As always, the ever-changing world around us does not change who God is and what he calls us to do.
Regardless of how the Supreme Court rules on same-sex marriage, abortion, immigration, or any other issues, God remains sovereign and this ruling was no surprise to him.
I know that seems simplistic, and the issues that surround us today are complex, but I think before we dive into a discussion about living in a culture moving in a different direction than Christian views, we need to remind ourselves that God is still God, and God is still good.
After acknowledging that reality, here are three basic steps we can take to live in a culture in which Christianity continues to lose its "home field advantage":
1. Pray for guidance.
To some of you, this may sound trite and lame, but I'm serious. I'm of the conviction that Christians don't pray enough, especially about difficult issues such as this. We pray before we eat, and we pray before we sleep, but we don't pray enough in between. Especially in the West, where everything is "do do do," we often act before praying and asking God for wisdom, strength, and the like.
Seriously, before you engage in conversations about marriage on social media, in your churches, or in your communities, take a portion of time and devote it to prayer. Ask the Lord to reveal the needs of the people around you. Ask him to give you a spirit of compassion amidst the proclamation of truth. We rightly care about marriage, but we can't do it alone.
2. Love your neighbors.
Warren Wiersbe is quoted as saying, "Truth without love is brutality, and love without truth is hypocrisy." I like this quote because it emphasizes the importance of both truth and love. One without the other simply doesn't cut it.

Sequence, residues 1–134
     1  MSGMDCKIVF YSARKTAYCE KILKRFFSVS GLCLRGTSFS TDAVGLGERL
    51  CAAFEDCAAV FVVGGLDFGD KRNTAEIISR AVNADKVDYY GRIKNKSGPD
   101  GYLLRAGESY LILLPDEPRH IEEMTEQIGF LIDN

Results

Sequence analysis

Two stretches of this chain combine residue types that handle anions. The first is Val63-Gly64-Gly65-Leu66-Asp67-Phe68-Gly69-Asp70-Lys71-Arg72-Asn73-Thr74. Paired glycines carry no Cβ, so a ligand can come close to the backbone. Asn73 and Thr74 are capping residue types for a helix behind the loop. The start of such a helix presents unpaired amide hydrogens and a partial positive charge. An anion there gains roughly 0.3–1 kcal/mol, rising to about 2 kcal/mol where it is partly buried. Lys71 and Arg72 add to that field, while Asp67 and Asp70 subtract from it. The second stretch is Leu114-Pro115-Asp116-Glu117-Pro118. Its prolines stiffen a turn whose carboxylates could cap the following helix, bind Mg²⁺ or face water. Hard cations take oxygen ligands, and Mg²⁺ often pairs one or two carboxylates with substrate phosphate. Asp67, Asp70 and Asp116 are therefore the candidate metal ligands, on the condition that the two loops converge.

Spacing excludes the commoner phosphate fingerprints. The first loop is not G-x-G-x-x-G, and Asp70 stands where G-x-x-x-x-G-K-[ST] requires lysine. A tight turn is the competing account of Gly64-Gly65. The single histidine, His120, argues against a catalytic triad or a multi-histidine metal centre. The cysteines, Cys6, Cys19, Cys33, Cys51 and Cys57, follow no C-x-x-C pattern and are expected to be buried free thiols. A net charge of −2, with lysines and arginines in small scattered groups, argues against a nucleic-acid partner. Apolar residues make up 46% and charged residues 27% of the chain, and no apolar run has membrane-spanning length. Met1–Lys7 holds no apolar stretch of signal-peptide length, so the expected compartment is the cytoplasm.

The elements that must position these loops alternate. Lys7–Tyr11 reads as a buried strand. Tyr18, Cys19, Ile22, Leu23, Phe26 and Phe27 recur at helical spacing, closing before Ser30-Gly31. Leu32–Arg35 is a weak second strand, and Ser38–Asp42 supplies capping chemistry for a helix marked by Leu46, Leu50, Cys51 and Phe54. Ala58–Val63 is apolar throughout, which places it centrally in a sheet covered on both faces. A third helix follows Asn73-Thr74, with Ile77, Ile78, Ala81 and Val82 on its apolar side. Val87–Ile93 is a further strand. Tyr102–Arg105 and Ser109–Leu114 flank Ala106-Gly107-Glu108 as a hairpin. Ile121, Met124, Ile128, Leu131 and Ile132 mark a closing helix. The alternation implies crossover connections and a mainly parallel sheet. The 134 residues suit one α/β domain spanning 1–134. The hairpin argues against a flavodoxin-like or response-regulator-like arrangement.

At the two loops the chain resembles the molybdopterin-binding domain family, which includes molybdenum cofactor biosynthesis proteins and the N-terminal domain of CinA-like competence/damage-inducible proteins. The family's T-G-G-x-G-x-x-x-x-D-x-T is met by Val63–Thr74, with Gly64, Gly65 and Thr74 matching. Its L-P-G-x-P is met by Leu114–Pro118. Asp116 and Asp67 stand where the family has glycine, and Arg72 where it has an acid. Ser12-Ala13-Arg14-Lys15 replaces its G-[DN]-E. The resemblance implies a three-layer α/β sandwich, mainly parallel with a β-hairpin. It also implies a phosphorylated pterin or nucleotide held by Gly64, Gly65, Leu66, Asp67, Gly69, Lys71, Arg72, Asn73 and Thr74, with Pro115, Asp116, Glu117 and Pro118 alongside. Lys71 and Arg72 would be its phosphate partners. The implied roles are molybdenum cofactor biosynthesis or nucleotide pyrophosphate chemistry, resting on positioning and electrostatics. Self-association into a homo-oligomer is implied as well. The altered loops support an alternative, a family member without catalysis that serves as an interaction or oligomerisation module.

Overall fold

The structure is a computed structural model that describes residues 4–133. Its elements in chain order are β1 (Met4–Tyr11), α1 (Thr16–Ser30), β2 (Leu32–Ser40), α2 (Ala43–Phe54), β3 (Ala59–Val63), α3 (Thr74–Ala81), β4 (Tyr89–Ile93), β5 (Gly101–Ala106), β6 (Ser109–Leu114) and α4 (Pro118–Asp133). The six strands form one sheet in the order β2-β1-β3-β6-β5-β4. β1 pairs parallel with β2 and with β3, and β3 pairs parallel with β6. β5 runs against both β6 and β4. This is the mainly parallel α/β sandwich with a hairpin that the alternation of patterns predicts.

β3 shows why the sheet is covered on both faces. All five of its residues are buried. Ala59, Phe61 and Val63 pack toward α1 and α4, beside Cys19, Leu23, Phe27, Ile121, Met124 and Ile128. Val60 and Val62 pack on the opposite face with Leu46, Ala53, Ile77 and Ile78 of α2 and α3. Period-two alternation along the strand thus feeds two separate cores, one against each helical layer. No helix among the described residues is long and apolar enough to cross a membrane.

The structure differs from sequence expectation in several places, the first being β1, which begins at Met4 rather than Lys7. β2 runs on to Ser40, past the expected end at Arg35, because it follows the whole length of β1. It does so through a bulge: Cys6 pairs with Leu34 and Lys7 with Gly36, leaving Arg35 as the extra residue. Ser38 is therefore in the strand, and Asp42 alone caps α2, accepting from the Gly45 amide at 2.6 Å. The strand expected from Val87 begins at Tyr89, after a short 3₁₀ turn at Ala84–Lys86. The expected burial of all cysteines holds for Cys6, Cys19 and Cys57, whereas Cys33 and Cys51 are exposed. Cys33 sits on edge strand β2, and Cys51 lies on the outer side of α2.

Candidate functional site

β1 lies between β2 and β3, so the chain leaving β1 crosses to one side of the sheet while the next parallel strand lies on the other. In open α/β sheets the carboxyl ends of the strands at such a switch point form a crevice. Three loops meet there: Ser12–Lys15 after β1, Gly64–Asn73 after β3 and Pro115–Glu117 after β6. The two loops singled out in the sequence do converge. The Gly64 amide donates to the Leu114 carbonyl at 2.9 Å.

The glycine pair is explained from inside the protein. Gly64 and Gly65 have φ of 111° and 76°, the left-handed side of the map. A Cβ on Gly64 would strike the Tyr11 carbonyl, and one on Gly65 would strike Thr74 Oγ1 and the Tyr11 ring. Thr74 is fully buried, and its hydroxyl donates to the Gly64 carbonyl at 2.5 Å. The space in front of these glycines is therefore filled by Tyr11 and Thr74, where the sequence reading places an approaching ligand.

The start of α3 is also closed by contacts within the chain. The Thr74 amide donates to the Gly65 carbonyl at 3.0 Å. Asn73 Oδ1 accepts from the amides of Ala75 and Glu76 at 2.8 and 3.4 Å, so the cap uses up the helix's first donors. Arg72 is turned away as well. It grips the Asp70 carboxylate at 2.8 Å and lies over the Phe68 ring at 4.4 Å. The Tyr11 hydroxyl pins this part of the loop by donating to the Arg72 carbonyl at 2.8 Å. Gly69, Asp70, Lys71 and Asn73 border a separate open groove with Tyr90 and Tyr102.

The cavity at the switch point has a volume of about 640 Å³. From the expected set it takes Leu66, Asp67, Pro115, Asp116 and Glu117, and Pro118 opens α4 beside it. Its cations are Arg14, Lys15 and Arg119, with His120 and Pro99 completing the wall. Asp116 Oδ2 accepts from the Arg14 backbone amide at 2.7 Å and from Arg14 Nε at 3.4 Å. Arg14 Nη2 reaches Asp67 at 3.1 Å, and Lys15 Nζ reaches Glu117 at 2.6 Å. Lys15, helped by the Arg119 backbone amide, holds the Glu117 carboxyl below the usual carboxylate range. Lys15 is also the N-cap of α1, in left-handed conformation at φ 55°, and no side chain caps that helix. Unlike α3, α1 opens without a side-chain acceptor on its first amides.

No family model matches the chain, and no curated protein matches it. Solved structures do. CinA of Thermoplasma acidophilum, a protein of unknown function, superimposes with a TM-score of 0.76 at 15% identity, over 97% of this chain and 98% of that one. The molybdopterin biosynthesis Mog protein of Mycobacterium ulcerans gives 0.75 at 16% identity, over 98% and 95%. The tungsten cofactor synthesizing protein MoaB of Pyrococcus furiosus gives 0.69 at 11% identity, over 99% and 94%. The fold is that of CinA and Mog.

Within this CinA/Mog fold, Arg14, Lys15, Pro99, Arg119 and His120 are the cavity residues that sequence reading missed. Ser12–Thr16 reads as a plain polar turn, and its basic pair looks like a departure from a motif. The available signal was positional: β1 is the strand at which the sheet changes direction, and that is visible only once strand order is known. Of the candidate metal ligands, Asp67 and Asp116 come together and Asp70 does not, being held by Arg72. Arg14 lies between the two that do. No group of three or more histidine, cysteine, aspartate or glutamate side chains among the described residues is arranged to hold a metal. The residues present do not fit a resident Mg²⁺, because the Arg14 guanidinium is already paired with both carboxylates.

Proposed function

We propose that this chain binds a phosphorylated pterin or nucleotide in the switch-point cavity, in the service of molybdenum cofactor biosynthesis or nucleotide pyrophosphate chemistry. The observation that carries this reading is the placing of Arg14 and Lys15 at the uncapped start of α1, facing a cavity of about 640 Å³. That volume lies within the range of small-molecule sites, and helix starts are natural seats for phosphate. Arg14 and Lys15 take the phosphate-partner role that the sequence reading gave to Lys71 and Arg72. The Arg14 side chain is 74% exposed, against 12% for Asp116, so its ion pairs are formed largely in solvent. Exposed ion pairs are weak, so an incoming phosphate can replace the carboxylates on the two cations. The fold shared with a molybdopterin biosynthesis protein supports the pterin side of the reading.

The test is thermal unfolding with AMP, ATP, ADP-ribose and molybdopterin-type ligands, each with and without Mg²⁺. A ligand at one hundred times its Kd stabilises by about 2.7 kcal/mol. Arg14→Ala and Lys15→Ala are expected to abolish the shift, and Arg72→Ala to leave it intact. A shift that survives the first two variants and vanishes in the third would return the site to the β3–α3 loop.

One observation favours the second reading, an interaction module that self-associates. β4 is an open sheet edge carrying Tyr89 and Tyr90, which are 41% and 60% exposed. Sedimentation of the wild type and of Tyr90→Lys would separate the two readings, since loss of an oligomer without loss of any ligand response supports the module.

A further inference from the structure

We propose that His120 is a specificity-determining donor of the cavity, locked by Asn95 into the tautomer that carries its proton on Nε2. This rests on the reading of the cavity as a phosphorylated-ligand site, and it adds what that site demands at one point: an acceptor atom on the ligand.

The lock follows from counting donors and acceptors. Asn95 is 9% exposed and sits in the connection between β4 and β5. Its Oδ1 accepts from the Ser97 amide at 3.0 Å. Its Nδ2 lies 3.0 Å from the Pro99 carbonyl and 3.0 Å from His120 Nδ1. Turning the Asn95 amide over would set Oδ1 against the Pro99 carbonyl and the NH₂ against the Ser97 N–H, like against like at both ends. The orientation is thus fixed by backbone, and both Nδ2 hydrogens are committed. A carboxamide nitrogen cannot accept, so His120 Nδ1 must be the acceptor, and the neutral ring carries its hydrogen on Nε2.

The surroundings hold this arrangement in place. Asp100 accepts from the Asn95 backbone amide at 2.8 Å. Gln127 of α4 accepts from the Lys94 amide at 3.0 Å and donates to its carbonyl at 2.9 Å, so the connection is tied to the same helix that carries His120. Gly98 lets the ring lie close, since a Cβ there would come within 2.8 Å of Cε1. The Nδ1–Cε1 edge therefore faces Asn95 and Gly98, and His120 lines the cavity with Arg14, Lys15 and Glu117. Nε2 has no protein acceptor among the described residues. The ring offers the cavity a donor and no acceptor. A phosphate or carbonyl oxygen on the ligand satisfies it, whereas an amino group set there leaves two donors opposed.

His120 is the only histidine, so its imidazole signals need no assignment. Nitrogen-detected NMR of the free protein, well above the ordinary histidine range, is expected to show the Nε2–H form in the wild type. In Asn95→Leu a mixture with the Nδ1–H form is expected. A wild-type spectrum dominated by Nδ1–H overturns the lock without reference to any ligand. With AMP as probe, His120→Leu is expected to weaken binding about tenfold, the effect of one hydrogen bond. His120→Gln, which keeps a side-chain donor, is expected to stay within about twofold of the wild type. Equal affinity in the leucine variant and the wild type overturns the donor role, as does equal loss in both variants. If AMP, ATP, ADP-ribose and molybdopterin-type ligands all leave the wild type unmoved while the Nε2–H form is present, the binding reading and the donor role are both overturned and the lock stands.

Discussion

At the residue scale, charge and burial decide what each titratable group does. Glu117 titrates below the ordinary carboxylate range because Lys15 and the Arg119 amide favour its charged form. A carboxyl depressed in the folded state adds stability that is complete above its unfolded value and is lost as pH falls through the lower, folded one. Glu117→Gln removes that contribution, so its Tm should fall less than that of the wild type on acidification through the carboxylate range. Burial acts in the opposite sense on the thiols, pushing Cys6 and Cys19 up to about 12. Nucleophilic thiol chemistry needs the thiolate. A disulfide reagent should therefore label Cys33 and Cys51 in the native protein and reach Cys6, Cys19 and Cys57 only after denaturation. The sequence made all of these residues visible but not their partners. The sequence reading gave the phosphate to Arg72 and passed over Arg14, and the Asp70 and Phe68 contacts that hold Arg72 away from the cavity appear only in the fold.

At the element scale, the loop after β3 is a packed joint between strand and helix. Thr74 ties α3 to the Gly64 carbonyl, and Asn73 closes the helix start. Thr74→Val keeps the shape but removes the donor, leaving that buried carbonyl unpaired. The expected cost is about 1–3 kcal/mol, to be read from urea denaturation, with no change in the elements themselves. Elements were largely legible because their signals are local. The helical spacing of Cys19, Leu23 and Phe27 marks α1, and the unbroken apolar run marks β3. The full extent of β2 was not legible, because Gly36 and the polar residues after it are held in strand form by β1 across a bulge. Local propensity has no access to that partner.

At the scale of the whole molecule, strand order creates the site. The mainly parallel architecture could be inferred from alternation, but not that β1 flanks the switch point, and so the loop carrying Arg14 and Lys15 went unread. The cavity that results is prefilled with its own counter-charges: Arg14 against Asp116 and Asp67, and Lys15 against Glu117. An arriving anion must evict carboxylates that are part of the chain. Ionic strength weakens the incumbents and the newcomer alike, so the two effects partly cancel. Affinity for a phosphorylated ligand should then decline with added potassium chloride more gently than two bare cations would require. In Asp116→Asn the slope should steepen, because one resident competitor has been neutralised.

As we live in a culture that has just defined marriage in a way contrary to what evangelicals and others believe, we must understand that, as Christians, we aren't the only ones who care about marriage. As a result, we must keep in mind that discussions surrounding the definition of marriage carry a lot of emotions and must be handled with care.
As evangelicals contend for the definition of marriage in spheres outside the law (that is settled now), we must keep in mind truth is often not heard if it's not communicated in love. If we want to be heard, we should communicate in a way worth hearing.
At the same time, as debates will ensue about attending or serving same-sex weddings and other such issues, we must both act in accordance with our consciences and act with love for our neighbor.
For instance, much of the conversation in conservative circles has been about what we won't affirm or won't participate in. But, we need a conversation about how we will show love to our neighbor who differs on the issue (that's a growing majority) and particularly about how we might love our LGBT neighbor.
Loving people who disagree with Scripture on this issue does not mean we have to agree with them, but it does mean we have to actually love them.
3. Show and Share the Love of Jesus.
This is not the first time that same-sex marriage has been legal. The people of Maine voted on November 6, 2012 to legally recognize same-sex marriage. I had the privilege to preach in Maine the Sunday after that Tuesday at the largest church in the state—the Pathway Vineyard.
The sky did not fall, no churches were padlocked, and the church did what they did the week before when marriage was solely between a man and a woman. They showed and shared the love of Jesus.
They did not scream in anger or lash out in hate. They know what I have said before: you cannot hate a people and reach a people at the same time. They remained on mission.
And so should we.
Regardless of how cultural issues like this are decided, and no matter what sort of authority Christian values have in culture, we must always be about Jesus' mission.
The good news that God sent his Son to live a perfect life, die the death we deserved to die, and rise again to glory is of first importance and is true regardless of courts, laws, or culture.
As believers, and ones who are sent by Jesus as Great Commissionaries, we must pray for our communities, love our neighbors and share the hope that is within us.
As Christians, this is just another step as Christians are losing long-held cultural clout in the West.
The focus must not be panic... or anger... or fear... or disdain. Our focus must be mission.